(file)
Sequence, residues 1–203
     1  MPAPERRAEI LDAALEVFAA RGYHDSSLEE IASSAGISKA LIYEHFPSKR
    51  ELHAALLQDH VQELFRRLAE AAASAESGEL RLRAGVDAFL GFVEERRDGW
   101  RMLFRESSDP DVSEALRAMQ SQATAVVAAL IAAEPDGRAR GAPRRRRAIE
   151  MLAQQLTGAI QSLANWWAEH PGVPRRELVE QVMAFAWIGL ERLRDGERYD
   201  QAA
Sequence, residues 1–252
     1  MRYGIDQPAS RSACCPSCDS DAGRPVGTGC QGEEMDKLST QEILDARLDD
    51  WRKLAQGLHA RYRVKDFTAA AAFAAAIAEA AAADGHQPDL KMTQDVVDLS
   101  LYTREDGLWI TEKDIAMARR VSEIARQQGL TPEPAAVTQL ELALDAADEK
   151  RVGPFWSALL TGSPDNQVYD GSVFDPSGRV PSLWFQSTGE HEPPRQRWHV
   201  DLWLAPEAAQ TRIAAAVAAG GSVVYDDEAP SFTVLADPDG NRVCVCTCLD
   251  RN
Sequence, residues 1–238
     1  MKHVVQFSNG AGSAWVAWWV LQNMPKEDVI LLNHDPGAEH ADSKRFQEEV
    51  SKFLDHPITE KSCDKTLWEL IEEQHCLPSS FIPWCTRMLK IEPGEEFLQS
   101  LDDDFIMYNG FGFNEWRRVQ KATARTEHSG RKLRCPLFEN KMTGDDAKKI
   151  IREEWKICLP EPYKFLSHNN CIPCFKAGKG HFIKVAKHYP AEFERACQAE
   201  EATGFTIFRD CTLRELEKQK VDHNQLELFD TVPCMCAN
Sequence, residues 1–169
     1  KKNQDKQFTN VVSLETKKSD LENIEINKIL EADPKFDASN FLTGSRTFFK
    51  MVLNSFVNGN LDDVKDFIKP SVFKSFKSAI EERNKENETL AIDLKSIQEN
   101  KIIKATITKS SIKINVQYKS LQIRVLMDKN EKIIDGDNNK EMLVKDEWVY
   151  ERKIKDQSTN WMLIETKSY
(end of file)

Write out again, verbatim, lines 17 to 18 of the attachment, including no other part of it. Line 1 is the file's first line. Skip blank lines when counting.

   101  LDDDFIMYNG FGFNEWRRVQ KATARTEHSG RKLRCPLFEN KMTGDDAKKI
   151  IREEWKICLP EPYKFLSHNN CIPCFKAGKG HFIKVAKHYP AEFERACQAE